The massif of Meygal


The volcanoes of the massif of Meygal

The massif of Meygal is a land of volcanoes. The local name is “suc”, for these small domes which give an unexpected aspect to the landscape and which visitors find so intriguing to explore.

Just two steps away from the Mont Mézenc and Puy-en-Velay (article Le Puy-en-Velay), the massif of Meygal is really an unusual region. Very different from the famous Volcanoes of Auvergne, its landscape is marked by the characteristic shapes of its “sucs” name given to our local hills which were formed by the powerful volcanic activity in the Velay.

The Testavoyre is one of these many sucs.  It is the highest point in the massif of Meygal at 1436 m and offers a magnificent panoramic view over the basin of Le Puy and is easy to climb up. The large forests in the Meygal are also wonderful places for walking. The GR 65 “St James Way” passes through these hills before reaching Le Puy-en-Velay. As for trail-runners, whether your pace is moderate or energetic, the trail area of the Meygal offers you 7 way-marked circuits through the sucs.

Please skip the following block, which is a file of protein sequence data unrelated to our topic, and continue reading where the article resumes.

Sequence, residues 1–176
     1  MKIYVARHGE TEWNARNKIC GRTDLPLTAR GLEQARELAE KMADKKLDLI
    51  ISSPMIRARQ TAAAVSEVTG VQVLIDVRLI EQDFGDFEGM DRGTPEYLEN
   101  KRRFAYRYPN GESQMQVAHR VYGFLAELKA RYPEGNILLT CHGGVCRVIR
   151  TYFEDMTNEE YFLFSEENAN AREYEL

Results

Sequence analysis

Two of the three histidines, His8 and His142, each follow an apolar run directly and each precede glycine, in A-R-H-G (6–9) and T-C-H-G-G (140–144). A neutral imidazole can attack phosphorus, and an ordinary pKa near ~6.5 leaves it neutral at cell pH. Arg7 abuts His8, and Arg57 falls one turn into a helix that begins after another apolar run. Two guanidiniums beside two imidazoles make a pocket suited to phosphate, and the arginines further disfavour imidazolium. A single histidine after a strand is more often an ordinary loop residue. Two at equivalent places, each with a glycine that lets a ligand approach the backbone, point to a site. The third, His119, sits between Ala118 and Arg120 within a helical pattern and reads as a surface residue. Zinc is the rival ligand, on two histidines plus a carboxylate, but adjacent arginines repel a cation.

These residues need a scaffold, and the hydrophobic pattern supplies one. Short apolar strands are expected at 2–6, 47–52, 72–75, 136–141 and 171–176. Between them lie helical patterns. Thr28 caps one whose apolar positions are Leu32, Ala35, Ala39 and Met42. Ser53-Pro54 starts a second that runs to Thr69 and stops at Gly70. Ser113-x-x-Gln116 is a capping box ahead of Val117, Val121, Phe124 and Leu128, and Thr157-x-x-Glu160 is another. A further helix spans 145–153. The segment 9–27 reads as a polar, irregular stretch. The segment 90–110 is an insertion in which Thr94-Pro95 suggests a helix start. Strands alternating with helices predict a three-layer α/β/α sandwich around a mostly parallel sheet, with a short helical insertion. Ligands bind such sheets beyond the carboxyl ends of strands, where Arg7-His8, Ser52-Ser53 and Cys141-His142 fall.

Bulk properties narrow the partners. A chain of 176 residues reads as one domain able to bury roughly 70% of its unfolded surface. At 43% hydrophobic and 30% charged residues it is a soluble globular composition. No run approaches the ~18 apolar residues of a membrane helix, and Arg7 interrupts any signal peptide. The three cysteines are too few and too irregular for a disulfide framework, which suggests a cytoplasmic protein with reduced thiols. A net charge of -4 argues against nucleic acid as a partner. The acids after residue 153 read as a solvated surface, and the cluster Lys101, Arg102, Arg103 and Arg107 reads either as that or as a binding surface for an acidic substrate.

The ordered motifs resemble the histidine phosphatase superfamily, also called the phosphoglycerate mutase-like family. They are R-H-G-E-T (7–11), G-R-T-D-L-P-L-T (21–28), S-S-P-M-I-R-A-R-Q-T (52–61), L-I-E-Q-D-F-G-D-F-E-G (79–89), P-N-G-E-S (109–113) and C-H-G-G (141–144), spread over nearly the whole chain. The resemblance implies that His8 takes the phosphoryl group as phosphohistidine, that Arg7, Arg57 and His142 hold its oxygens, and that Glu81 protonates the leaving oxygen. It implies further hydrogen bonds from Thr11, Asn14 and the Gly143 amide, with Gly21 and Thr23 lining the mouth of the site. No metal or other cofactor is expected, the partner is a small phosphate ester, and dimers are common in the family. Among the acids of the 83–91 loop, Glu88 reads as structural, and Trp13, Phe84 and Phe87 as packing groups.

The massif of Meygal is also winter ! The Meygal is situated at an average altitude of 1200 metres and offers an ideal sports ground for cross-country skiing, skating, and snowshoe walking in the forest. A total of 53 km of trails are way-marked for outdoor sports with family or friends.

Nestling in the heart of the massif, Saint-Julien-Chapteuil is a village with a rich history and heritage.  The suc de Chapteuil used to be crowned with a medieval fortress but only its remains can be seen at present. Today, Saint-Julien-Chapteuil is a dynamic commune where many shops and services contribute to local activities. With its rich cultural life, the village is a particularly pleasant place to inhabit.

Jules Romains was inspired by his love of words and phrases to write essays and poems when still an adolescent. The famous author of Knock spent the early years of his life in the heart of The Meygal at Saint-Julien-Chapteuil at the end of the 19th century.